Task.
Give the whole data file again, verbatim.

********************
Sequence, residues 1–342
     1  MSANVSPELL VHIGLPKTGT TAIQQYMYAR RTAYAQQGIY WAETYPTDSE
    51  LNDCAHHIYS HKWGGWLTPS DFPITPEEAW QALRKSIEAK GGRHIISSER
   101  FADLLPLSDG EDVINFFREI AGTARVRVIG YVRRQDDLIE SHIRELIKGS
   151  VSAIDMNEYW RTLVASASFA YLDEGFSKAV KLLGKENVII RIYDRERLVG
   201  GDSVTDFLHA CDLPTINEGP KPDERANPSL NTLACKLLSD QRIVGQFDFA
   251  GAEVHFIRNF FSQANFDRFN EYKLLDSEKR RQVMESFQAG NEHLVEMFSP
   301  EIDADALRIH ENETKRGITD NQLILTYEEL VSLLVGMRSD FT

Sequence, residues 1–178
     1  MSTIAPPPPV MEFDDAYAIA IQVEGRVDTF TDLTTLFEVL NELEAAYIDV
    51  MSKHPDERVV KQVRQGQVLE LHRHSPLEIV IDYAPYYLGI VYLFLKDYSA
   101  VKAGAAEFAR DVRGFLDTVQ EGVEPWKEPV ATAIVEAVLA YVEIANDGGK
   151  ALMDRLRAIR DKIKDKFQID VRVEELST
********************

Sequence, residues 1–342
     1  MSANVSPELL VHIGLPKTGT TAIQQYMYAR RTAYAQQGIY WAETYPTDSE
    51  LNDCAHHIYS HKWGGWLTPS DFPITPEEAW QALRKSIEAK GGRHIISSER
   101  FADLLPLSDG EDVINFFREI AGTARVRVIG YVRRQDDLIE SHIRELIKGS
   151  VSAIDMNEYW RTLVASASFA YLDEGFSKAV KLLGKENVII RIYDRERLVG
   201  GDSVTDFLHA CDLPTINEGP KPDERANPSL NTLACKLLSD QRIVGQFDFA
   251  GAEVHFIRNF FSQANFDRFN EYKLLDSEKR RQVMESFQAG NEHLVEMFSP
   301  EIDADALRIH ENETKRGITD NQLILTYEEL VSLLVGMRSD FT

Sequence, residues 1–178
     1  MSTIAPPPPV MEFDDAYAIA IQVEGRVDTF TDLTTLFEVL NELEAAYIDV
    51  MSKHPDERVV KQVRQGQVLE LHRHSPLEIV IDYAPYYLGI VYLFLKDYSA
   101  VKAGAAEFAR DVRGFLDTVQ EGVEPWKEPV ATAIVEAVLA YVEIANDGGK
   151  ALMDRLRAIR DKIKDKFQID VRVEELST